IBM is bringing STEC multi-level cell (MLC) solid state drives into the enterprise, and the word from STEC is that others will follow soon.
SSD supplier STEC today said IBM is using its ZeusIOPS MLC flash drives in the IBM DS8800, DS8700 and Storwize V7000 storage arrays. STEC manager for SSD technical marketing Scott Shadley said it marks the first use of STEC’s MLC in enterprise storage systems, but he expects other OEM partners to qualify the MLC flash soon. Until now, more expensive single-level cell (SLC) flash has shipped in enterprise solid state storage arrays.
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STEC also sells SSDs through OEM deals with array vendors EMC, Hewlett-Packard, and Hitachi Data Systems as well as IBM and others smaller partners.
“We’ll see many more OEMs going forward with MLC in the first part of next year,” Shadley said. “They’ve been in qualifications.”
Shadley said IBM is replacing the SLC modules it previously sold on the three storage systems with MLC modules. IBM will sell STEC ZeusIOPS MLCs with 6 Gbps SAS and 4 Gbps Fibre Channel interfaces, and at 300 GB and 600 GB capacities.
While pricing varies among vendors, Shadley said the MLCs cost more than 25% less than SLCs. But that cheaper price has come at the expense of performance and endurance. Until the last year or so, MLCs were exclusively used in consumer devices while only SLCs were considered to have the performance and reliability for enterprise applications. MLCs can store two or more bits per cell and multiple levels of charge, giving it at least twice the capacity of SLCs but with slower write speeds and higher bit error rates.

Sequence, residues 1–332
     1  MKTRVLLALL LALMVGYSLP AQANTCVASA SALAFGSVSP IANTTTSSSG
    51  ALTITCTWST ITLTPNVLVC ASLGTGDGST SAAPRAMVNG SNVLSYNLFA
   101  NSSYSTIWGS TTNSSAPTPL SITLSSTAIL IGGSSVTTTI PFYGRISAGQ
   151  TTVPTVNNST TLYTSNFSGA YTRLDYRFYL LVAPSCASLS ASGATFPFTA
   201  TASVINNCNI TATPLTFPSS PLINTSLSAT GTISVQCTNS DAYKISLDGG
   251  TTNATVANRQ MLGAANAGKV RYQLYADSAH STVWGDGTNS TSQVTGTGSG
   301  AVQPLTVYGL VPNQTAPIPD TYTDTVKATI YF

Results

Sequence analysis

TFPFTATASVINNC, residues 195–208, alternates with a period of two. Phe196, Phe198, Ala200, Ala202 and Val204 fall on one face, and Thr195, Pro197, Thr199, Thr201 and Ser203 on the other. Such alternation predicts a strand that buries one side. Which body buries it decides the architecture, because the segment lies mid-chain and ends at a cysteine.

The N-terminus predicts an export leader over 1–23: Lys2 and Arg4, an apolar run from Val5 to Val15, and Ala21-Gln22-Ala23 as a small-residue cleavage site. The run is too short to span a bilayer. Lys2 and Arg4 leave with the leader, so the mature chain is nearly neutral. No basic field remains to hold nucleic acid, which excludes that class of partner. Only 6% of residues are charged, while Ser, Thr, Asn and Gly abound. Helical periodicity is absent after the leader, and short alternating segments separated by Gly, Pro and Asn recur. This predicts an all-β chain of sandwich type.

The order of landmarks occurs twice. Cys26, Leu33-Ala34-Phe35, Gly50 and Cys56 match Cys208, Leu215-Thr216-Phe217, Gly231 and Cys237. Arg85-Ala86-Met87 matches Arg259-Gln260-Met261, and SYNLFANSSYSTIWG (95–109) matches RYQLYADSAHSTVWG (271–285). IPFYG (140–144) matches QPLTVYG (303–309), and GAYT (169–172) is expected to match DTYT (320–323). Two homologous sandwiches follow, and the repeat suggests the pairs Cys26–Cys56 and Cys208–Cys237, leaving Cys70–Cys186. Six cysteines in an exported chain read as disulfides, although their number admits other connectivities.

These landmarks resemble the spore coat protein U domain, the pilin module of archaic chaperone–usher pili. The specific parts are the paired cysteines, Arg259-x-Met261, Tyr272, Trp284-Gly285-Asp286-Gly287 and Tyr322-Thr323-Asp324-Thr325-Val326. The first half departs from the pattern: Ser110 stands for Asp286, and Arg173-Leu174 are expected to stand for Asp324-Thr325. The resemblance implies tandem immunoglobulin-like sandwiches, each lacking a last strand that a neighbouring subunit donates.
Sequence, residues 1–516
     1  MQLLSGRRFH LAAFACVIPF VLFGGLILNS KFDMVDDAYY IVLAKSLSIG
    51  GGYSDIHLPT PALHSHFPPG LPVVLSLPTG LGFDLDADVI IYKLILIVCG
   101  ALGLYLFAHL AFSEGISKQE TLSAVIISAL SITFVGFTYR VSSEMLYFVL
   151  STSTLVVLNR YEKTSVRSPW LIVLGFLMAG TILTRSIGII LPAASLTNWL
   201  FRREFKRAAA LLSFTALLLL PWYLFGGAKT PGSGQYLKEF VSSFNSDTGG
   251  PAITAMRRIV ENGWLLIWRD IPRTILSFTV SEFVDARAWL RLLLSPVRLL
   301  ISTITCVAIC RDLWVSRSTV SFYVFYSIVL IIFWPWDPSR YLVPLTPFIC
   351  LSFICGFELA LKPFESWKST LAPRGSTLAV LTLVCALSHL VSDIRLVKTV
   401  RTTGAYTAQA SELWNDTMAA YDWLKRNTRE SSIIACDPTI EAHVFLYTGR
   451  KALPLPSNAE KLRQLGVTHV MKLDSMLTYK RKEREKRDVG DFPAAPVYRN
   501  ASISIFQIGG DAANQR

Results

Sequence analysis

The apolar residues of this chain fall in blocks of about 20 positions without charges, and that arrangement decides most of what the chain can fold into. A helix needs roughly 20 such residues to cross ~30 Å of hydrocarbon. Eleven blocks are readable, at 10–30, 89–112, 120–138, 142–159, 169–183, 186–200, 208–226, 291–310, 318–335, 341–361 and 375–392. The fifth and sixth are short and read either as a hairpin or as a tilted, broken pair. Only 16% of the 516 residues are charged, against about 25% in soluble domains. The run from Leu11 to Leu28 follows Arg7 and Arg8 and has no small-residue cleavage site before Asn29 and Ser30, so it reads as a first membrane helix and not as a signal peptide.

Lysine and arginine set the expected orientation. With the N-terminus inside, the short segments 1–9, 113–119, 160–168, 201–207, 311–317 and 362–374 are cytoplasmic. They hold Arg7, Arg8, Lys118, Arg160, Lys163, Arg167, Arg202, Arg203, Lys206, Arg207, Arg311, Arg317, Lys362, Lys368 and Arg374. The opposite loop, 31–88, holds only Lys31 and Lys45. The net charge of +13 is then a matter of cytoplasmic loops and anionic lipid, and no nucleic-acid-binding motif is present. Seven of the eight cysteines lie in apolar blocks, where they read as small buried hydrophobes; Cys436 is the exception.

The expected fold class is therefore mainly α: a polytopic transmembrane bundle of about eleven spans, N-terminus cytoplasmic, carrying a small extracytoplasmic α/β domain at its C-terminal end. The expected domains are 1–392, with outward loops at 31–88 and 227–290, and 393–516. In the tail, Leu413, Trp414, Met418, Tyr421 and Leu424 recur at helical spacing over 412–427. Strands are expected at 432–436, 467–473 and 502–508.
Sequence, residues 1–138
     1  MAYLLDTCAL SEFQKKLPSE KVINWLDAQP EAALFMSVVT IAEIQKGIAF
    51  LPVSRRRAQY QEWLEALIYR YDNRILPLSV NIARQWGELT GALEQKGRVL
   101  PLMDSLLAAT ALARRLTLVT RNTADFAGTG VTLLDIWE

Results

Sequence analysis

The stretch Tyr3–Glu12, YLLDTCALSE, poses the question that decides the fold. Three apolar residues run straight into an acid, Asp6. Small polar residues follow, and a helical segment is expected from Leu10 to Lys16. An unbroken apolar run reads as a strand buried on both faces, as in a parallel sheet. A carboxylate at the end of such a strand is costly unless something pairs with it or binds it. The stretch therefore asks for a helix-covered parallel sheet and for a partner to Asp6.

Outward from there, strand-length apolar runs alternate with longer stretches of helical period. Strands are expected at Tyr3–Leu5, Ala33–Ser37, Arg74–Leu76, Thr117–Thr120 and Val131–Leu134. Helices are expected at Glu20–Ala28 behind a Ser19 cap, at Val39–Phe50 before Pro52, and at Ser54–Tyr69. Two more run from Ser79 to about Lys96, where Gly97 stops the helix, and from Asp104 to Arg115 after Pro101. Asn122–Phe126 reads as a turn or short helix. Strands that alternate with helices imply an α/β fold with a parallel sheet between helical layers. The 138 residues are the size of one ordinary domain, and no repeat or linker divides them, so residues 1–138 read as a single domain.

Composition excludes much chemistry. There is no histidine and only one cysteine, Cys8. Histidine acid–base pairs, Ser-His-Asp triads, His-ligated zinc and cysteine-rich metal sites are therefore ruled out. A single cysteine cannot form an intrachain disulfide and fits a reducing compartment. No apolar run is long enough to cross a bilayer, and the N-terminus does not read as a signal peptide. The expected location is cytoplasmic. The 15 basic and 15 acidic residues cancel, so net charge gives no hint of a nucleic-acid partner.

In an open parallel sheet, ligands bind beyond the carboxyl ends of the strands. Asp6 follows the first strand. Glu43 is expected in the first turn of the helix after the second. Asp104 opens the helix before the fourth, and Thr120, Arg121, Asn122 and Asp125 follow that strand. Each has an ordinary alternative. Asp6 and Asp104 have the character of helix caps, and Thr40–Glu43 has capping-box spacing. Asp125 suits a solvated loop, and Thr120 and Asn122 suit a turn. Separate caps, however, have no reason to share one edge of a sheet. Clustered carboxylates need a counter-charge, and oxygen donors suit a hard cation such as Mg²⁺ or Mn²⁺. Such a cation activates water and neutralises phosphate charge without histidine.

However, vendors such as Fusion-io, Micron, Anobit, Violin Memory and STEC have worked to improve the write endurance and reliability of MLC flash.
In STEC’s case, it uses what it calls Secure Array of Flash Element (SAFE) technology to reduce component failures associated with MLC flash and CellCare technology to improve MLC’s endurance. STEC claims its MLC flash endurance can reach five years.